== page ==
I think we can. We can tell the writers that not voting for someone because of suspicion of steroids is no longer necessary because it is going on their plaque. If they admitted to PED use, it is on the plaque. If they were tried in a court for something around PED use, the conviction or acquittal goes on the plaque. If they failed a test and didn’t get it overturned or appeal it, it goes on their plaque. So for Rafael Palmeiro his plaque would list all his accomplishments and close with- “Was suspended in 2005 for failing a steroids test”. If the player doesn’t want to go into the Hall under those circumstances, they can remove themselves from the ballot, but that’s the deal.

It’s not a perfect solution, but one of the greatest parts of baseball is its history. We love to argue whether Ruth or Williams was the better hitter. If the ’75 Reds could have beaten the ’27 Yankees.  We are failing the fans of the future if we don’t figure out a way to fix this.

It Won’t Be Unanimous

MLB.com revealed the Hall of Fame ballots for their writers today and we now know that Greg Maddux won’t get 100% of the vote.

Ken Gurnick, using utterly failed logic, has decided not to vote for a single player who participated in the PED era, so he has only voted for Jack Morris. Here’s Gurnick’s reasoning

Morris has flaws — a 3.90 ERA, for example. But he gets my vote for more than a decade of ace performance that included three 20-win seasons, Cy Young Award votes in seven seasons and Most Valuable Players votes in five. As for those who played during the period of PED use, I won’t vote for any of them.

Let’s set aside the argument of whether or not Morris belongs in the Hall of Fame. Gurnick’s blanket statement that he won’t vote for anyone who played during the period of PED use means he shouldn’t vote for Morris! You can argue that PED use started in 1987 with the long ball explosion and I wouldn’t argue with you. If you want to wait until 1988 and Ben Johnson being stripped of his gold medal for PED use, I wouldn’t argue either. But to think that PED use didn’t start until after Morris retired in 1994 is silly. I’m not saying that Morris used PED’s. I have no idea if he did or didn’t. But if you are not going to vote for anyone from that era you have to be consistent.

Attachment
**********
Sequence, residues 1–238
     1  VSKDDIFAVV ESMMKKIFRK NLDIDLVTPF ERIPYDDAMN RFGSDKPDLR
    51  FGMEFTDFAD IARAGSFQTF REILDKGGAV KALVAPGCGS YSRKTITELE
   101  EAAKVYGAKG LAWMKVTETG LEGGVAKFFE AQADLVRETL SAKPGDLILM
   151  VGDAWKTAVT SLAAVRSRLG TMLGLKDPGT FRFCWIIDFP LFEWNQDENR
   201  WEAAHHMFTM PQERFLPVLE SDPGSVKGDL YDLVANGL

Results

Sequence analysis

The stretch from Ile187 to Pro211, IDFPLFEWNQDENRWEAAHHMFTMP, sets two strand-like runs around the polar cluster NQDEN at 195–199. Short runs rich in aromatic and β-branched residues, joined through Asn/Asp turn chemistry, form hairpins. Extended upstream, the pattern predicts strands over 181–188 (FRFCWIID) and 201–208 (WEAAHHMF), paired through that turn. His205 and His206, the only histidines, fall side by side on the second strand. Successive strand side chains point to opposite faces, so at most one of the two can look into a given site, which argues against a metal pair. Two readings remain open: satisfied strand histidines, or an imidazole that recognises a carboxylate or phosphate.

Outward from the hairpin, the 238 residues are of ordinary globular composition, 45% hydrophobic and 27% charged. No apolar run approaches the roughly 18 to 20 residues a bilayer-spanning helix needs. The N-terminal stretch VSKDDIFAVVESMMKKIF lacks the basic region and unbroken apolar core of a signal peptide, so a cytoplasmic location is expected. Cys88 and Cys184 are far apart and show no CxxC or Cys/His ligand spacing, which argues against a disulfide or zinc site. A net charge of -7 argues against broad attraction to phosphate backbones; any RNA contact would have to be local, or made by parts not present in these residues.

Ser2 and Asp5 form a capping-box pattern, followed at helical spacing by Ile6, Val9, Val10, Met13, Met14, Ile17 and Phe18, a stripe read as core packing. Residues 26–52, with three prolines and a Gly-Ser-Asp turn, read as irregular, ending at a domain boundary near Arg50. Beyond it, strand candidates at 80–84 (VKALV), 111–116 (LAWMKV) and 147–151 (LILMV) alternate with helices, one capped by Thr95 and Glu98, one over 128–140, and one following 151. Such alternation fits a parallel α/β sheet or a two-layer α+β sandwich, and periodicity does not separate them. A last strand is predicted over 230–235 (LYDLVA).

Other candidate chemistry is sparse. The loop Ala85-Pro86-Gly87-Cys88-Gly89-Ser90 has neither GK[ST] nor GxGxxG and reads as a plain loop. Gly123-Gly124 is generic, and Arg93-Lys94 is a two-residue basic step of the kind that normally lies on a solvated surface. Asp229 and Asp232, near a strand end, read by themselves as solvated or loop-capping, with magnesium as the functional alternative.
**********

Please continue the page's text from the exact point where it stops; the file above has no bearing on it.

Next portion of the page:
And, while I imagine Gurnick will argue that Morris did the bulk of his pitching before the PED era started, he cited “three 20-win seasons, Cy Young Award votes in seven seasons and Most Valuable Players votes in five” as reasons to vote for Morris. Morris won 21 games in 1992 and received Cy Young and MVP votes in 1991 and 1992, so Gurnick looks foolish.

We’ve argued this issue before here on YR.com and come up with various suggestions for improving the process. I will be interested to see if Gurnick is the only guy who left Maddux off the ballot, or if some other writers did as well. Maybe, just maybe this will lead to some sort of reform process for the voting system.

 

Not A Terrible Idea

According to Ken Rosenthal, the Yankees are signing Brian Roberts. While the contract details matter, I am going to assume they haven’t made a large financial commitment.

Roberts used to be a great player, but injuries and age have reduced him to a shadow of his former self. That being said, he can still play a decent defensive second and he can hit LHP. Platooning him with Kelly Johnson at second won’t come close to replacing Cano, but it could result in a league-average solution or higher and that is all you can ask for.

Now they need to address the left side of the infield…..

Which Player Do You Want?

Player A in 2013- .261/.310/.396  2.8 WAR 32-years old

Player B in 2013- .273/.344/.416 3.2WAR 30-years old

Even if the two players made the same amount of money, I think you would clearly lean towards Player B. If I told you Player B made 6-times less than Player A, I think you wouldn’t even consider trading these players.